Culture supernatants were harvested from A. fumigatus ATCC26933 grown for 48 h in AMM or 72 h in Czapek-Dox, as described above. Organic extractions were carried out using a 1∶1 mixture of chloroform to culture supernatant [34]. Chloroform extracts were dried to completion using a rotary evaporator and resuspended in methanol for LC-MS analysis using an Agilent 6340 Ion Trap LC-MS System (Agilent Technologies, Santa Clara, CA). Settings were adjusted to include the detection of singly charged molecules and molecules were separated on an acetonitrile gradient over a 15 min runtime.

2-D and LC-MS/MS

The mechanisms involved in gliotoxin-mediated relief of H2O2-induced stress in A. fumigatus ATCC26933 were investigated by comparative 2-D and LC-MS/MS. A. fumigatus ATCC26933 was grown in Sabouraud dextrose media at 200 rpm, 37°C for 24 h prior to addition of one of the following four treatments: (i) Solvent control (500 µl methanol added per 50 ml culture), (ii) Gliotoxin alone (gliotoxin, dissolved in methanol, added to a final concentration of 10 µg/ml), (iii) H2O2 alone (H2O2 added to a final concentration of 2 mM; 500 µl methanol added per 50 ml culture), (iv) Gliotoxin and H2O2 combined (gliotoxin added to a final 10 µg/ml and H2O2 added to final 2 mM). Mycelia (n = 5 biological replicates/treatment) were harvested after 4 h and ground in liquid nitrogen. Crushed mycelia were resuspended in 10% (w/v) TCA and sonicated three times at 10% power, cycle 6, 10 sec. Samples were incubated on ice for 20 min and centrifuged at 10000 g, 4°C for 10 min. Pellets were washed with ice-cold acetone to remove excess TCA and resuspended in IEF buffer [4]. Protein was separated on pH 4–7 IEF strips, followed by resolution by SDS-PAGE [35], [36]. Colloidal Coomassie staining was carried out on gels, with subsequent protein spot analysis using Progenesis SameSpot software (Nonlinear Dynamics, Newcastle upon Tyne, United Kingdom). Gels (n = 20; 5 replicates/treatment) from all four treatments were aligned and subsets of treatments were compared. Spots demonstrating significant changes in abundance (p<0.05, fold change ≥1.5) were excised from gels and trypsin digested according to the method described by Shevchenko (2007) [37]. Digested peptides were analysed by LC-MS/MS as described previously, with SpectrumMill used for database searching.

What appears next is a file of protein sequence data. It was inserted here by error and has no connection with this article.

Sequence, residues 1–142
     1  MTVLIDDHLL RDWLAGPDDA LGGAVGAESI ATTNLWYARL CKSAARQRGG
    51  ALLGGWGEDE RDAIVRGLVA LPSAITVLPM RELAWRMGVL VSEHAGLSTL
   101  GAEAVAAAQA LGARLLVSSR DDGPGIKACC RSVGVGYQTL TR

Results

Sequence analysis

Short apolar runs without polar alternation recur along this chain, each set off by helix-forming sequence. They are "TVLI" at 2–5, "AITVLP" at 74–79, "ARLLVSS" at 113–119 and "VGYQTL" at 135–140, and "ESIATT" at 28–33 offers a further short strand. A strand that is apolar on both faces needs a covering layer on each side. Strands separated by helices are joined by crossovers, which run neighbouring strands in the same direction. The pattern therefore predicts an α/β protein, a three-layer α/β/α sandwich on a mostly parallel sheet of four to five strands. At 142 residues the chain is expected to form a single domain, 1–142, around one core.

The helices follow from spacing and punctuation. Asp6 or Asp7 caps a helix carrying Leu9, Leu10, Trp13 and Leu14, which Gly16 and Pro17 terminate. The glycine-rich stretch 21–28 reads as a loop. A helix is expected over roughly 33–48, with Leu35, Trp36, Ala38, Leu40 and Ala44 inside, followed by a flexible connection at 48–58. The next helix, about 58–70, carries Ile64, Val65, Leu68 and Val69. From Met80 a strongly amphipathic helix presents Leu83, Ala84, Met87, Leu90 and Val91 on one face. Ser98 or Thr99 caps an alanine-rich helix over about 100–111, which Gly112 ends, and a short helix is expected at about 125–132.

Fluorescent Detection of ROS in A. fumigatus